“I’m currently working as a youth worker, doing something similar to what I was doing back at home. I’m really fortunate – some of the boys struggle to find employment and luckily enough I only had to wait a month and I landed a gig working alongside the Queensland Police, helping disengaged youths.

“It keeps me busy, keeps my sanity levels at a balance, not thinking about footy all the time and giving me another purpose.”

Nati gave an insight into the challenges facing communities in central Queensland, revealing there are some stark differences but also many similarities to youth and families he assisted in Christchurch.

“In terms of the Indigenous community, they’ve got their own issues going on over here and there’s a lot of different agencies and youth organisations trying to rectify that, but (there’s also) just small things like boys being disengaged from their homes, their families and schools,” he explains.

“But it’s very similar (to Christchurch) in that there’s still a strong Pakeha contingent of families that go under the radar, so their kids are struggling as well. They’re not just your Indigenous families, but also regular Australians finding it tough. The mining industry has taken its toll with a few mines shutting down, so there’s some of those families doing it tough out there.

“And I’m finding the same issues here are the same issues we have back at home in a social context.”


The Capras are a feeder team for the Gold Coast Titans, which provides a clear pathway to a potential NRL call-up for Nati, Tofilau and their teammates.

Nati, who makes his Capras debut against PNG Hunters on Saturday night, sees his Queensland sojourn as more than just a one-season proposition, with his Christchurch-based partner set to join him in Rockhampton in April.

“The goal is two years, to secure another 12 months (for 2018) and to really stamp my authority next year. Because it’s all about that teething process, getting back into the training and the speed of the game over here.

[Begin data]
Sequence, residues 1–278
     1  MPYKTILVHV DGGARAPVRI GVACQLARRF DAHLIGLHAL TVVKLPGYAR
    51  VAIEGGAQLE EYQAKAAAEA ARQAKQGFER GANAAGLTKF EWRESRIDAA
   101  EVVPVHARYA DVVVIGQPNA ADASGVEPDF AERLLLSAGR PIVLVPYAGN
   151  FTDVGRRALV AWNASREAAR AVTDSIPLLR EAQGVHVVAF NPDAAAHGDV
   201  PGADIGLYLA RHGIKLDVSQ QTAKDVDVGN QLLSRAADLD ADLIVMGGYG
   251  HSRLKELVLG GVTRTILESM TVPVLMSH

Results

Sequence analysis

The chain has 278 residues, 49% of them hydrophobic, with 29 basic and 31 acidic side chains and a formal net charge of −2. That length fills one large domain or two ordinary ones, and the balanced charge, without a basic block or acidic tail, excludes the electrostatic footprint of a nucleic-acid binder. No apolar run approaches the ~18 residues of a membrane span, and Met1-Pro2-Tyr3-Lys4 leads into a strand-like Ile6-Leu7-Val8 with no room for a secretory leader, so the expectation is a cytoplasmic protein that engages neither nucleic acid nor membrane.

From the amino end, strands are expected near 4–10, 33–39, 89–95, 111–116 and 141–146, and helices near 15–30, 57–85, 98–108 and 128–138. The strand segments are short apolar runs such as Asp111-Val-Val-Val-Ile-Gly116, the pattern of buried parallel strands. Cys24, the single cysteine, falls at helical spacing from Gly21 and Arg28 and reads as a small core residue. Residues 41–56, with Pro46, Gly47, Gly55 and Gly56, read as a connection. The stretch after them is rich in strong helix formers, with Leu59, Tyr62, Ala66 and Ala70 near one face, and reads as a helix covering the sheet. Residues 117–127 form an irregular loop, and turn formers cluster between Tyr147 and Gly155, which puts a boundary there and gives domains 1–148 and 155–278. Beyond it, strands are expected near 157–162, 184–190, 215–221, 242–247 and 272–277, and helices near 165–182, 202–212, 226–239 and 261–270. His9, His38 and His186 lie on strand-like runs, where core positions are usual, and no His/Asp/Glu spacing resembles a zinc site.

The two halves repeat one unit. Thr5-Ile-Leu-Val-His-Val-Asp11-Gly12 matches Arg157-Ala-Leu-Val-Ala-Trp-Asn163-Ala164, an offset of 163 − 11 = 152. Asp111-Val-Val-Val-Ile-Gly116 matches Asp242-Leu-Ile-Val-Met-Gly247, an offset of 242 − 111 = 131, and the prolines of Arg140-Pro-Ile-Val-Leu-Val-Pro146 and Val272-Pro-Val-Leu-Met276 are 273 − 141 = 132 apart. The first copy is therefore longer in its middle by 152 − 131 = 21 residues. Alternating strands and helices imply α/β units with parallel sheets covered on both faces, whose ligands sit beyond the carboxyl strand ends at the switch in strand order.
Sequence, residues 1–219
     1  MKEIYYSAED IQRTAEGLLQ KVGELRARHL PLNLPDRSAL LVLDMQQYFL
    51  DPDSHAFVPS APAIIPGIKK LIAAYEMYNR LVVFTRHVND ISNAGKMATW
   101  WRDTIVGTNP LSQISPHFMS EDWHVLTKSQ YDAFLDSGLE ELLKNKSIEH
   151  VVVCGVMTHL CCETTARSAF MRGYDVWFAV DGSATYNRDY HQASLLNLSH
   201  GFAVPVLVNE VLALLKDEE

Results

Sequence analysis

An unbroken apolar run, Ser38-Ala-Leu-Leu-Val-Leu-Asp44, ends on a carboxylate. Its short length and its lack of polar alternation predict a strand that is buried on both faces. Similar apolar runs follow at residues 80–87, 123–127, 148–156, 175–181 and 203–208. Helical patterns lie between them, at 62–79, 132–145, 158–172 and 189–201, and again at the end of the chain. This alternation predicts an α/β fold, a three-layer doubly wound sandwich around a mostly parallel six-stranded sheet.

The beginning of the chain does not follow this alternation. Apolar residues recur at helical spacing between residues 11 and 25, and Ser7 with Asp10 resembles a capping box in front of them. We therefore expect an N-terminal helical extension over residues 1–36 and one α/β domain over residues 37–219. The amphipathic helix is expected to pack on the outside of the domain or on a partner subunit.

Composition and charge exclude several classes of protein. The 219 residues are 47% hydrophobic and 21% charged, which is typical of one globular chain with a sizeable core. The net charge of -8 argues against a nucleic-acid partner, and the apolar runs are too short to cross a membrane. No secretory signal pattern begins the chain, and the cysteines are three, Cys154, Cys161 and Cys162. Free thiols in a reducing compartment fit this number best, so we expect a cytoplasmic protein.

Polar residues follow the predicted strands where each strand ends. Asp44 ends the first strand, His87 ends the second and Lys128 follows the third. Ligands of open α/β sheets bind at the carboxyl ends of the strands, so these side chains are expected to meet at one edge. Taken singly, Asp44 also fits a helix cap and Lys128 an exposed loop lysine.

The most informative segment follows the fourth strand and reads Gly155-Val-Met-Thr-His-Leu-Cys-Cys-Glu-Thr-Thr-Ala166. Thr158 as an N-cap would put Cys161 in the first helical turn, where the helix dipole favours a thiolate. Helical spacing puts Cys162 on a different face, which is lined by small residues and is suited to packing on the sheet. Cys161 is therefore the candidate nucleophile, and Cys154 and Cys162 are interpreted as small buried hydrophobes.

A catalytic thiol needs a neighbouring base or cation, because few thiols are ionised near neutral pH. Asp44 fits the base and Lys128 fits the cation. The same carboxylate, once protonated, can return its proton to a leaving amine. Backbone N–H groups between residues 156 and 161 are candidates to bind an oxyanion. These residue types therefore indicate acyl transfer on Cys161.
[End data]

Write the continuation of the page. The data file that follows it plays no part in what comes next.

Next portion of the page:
“And if I can have a genuinely good pre-season next year, I can give it the best shot I’ve got.”

Nati hasn’t dared to dream too far beyond that from a footballing perspective, but he realises the opportunities that could come his way if he builds on the stellar form that made him one of the standouts of the domestic New Zealand representative scene last year.

The remarkable mature-age rookie success stories of Auckland-born Titans back-rower Leivaha Pulu (26) and Roosters forward Eloni Vunakece (29) in 2016 illustrates that age is no barrier to belatedly breaking into the NRL if ability and attitude are up to the mark.

“I’m keeping open to anything, but it’s all about ticking the boxes right now and trusting the process.

“If an opportunity came up with the association the Capras have with the Titans, I’d definitely look into it. I don’t have many years left in the legs for footy – about five or six – but if I really apply myself, who knows.”


It has been a big challenge over the past two decades for Christchurch-based rugby league talent to find their way into the NRL and second-tier competition system. But the tide seems to be turning, with six Canterbury juniors – Nati and Tofilau (CQ Capras), Nathan Saumalu, former Kiwi Setaimata Sa (both Mackay Cutters), Sheldon Pitama and Rulon Nutira (both Redcliffe Dolphins) – set to feature in the InTrust Super Cup.

Meanwhile, Rockcote Canterbury Bulls halfback Tevin Arona has picked up a contract with the Warriors’ InTrust Super Premiership (NSW Cup) team for 2017.

Nati says the calibre of players running around in Canterbury is finally starting to get recognition and respect from clubs in higher grades.

“I think that (the NZRL Premiership) competition being televised last year really exposed good players,” Nati contends.

“Two weeks ago we went up to play against Mackay, and Setaimata Sa and Nathan Saumalu were playing there. I’ve also been in close contact with Tevin, and he’s doing good things up at the Warriors.

“The next crop of boys they’ve got coming through and the coaching they’ve got there, if the New Zealand Rugby League continues to broadcast those games, it’s just going to expose more and more Canterbury talent.”

Nati also has a huge wrap on the direction rugby league in Canterbury is headed with the right people in charge of developing promising players and building the game back up to its former glory in the region.

“With (Rockcote Canterbury Bulls coach) Andrew Auimatagi there, he understands the concepts of new-age coaching, and with that experience as a PE teacher, that’s just going to continue to grow.

“We just need to keep the young boys in rugby league. We’ve got enough of an experienced older bunch of boys there, it’s just about maintaining that new talent coming through. Just nurturing them so we have a strong Canterbury Bulls side for the next couple of years.”